- Failure to provide adequate nutrition to meet physical needs
- Failure to assist in personal hygiene
- Failure to provide clothing or shelter
- Failure to provide medical care for physical and mental health needs
- Failure to protect from health and safety hazards
What are signs of nursing home abuse and neglect?
A senior suffering nursing home abuse or neglect may exhibit several tell-tale signs and symptoms:
- Bruises, welts, cuts, rashes and bed sores
- Emotional trauma, including agitation and personality changes (e.g., withdrawal, flinching, sucking, rocking)
- Rapid weight loss or weight gain
- Falls, fractures or head injuries
- Frequent illness or delayed reporting of illness
- Behavior that is reflective of heavy medication or sedation
- Requests for isolation from others
Additionally, nursing home abuse may include verbal abuse as well, which may be the most difficult to detect. Nursing home staff may intimidate a frail senior by yelling, threatening, humiliating or ridiculing the senior. If this is happening, a senior may become especially timid, or display other signs of withdrawal.
Lastly, financial exploitation of seniors is a growing problem. In cases like these, seniors are billed by nursing homes for services they don’t receive and medications they don’t actually receive. In some cases, caregivers have even forged signatures on checks and used credit cards for purchases without consent.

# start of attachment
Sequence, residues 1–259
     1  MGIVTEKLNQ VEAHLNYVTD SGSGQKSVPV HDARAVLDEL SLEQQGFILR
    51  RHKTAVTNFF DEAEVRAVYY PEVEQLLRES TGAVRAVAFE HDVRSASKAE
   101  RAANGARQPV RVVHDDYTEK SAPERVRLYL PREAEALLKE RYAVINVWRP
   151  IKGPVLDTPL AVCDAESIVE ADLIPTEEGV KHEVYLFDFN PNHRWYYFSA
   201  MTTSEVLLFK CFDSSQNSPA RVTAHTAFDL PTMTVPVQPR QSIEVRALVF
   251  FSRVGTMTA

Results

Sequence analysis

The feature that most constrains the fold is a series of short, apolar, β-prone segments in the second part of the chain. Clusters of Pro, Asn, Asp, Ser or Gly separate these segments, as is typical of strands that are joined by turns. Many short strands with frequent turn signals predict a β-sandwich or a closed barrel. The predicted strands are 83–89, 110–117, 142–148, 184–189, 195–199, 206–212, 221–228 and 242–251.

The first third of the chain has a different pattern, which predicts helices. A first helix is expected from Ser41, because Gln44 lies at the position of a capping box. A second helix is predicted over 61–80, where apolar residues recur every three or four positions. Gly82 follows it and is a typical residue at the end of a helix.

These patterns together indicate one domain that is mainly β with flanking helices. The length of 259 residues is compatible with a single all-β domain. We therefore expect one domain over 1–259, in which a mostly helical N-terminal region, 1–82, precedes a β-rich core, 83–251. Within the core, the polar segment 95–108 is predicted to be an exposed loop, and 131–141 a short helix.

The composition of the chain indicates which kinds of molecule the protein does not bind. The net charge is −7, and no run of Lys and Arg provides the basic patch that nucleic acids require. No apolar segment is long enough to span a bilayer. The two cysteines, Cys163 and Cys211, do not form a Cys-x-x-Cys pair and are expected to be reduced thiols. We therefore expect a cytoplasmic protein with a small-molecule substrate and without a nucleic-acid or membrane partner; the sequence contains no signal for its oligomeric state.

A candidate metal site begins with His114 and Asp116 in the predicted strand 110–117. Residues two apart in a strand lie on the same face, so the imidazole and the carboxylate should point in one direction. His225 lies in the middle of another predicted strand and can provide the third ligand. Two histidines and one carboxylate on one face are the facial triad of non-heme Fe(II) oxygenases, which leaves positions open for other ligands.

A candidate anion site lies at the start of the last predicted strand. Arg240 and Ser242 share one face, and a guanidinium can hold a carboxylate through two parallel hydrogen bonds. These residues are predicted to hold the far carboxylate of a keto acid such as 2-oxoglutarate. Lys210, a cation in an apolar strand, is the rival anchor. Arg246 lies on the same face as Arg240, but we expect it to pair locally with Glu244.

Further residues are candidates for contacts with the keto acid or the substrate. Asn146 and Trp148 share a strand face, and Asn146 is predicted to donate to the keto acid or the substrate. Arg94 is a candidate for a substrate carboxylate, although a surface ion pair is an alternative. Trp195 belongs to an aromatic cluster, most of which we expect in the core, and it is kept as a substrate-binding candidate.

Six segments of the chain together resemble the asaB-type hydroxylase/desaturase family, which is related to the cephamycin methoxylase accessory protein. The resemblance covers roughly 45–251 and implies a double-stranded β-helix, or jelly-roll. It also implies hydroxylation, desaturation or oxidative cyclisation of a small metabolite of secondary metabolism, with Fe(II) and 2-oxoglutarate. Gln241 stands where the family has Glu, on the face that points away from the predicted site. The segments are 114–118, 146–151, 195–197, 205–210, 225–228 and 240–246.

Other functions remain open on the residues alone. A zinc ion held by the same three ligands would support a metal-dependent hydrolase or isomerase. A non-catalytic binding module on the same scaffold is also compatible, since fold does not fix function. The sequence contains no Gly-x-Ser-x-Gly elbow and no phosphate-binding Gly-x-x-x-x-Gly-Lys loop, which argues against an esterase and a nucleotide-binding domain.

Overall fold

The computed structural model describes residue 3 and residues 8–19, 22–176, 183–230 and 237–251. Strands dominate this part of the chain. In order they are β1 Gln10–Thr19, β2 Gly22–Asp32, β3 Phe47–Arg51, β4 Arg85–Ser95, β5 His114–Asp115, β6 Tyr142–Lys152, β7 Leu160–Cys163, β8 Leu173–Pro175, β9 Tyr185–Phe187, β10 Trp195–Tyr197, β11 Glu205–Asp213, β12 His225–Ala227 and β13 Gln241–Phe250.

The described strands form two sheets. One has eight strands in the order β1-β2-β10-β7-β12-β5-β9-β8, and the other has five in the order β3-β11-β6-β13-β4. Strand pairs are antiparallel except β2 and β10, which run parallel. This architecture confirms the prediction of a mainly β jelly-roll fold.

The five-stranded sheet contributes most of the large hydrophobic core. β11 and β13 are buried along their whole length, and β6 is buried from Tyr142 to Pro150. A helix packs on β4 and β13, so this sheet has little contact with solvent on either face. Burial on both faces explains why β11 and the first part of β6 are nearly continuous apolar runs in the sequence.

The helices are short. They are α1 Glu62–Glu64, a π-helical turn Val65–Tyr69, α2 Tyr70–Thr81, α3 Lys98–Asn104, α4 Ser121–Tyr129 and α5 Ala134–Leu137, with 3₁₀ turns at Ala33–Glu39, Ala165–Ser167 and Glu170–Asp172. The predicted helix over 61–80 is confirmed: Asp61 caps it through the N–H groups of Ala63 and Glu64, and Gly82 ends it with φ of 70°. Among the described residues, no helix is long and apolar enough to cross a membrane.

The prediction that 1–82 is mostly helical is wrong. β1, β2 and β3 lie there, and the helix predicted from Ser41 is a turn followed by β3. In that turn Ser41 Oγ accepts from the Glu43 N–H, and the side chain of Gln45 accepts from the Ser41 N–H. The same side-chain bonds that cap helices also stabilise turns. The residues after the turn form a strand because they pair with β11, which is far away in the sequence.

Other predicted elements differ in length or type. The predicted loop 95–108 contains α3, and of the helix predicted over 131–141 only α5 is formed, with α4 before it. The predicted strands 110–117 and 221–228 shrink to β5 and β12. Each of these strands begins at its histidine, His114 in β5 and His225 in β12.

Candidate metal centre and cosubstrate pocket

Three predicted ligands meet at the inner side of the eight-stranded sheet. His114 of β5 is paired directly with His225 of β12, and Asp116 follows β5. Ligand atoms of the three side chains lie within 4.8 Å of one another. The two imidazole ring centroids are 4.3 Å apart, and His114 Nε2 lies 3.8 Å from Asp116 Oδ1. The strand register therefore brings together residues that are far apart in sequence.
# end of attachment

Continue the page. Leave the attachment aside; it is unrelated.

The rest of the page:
What can you do if someone you love has suffered nursing home abuse or neglect?
Abuse and neglect are unacceptable in any context—and such acts must absolutely not be tolerated in nursing homes or elder care facilities. If you believe a loved one has suffered abuse while in a nursing or elder care facility, we strongly recommend contacting an experienced nursing home abuse attorney to explore your legal options. An experienced and caring nursing home attorney can carefully evaluate the facts of your case, gather all relevant evidence, counsel you on the most appropriate action, and work diligently on your behalf to fight for your rights, and obtain the compensation you and your loved one deserve.
No Cost Evaluation
If you or a loved one has been the victim of nursing home abuse, your rights are at stake—you need to seek immediate legal advice. At Nager, Romaine & Schneiberg Co., L.P.A., our attorneys may be able to help you pursue compensation for the pain and suffering that you or your loved one has been forced to endure. The experienced nursing home abuse lawyers at NRS are highly knowledgeable in nursing home litigation. We fight side by side with victims to make sure they and their families receive compensation for the abuse and/or negligence that caused them harm. We will aggressively pursue your case and work to help you or your loved one obtain the care and compensation needed to rebuild your or their life.
In the event you or a loved one has been the victim of nursing home abuse, contact the nursing home abuse attorneys at NRS Injury Law by filling out our No-Risk Consultation form, or call (855) GOT-HURT and speak with one of our trained staff members.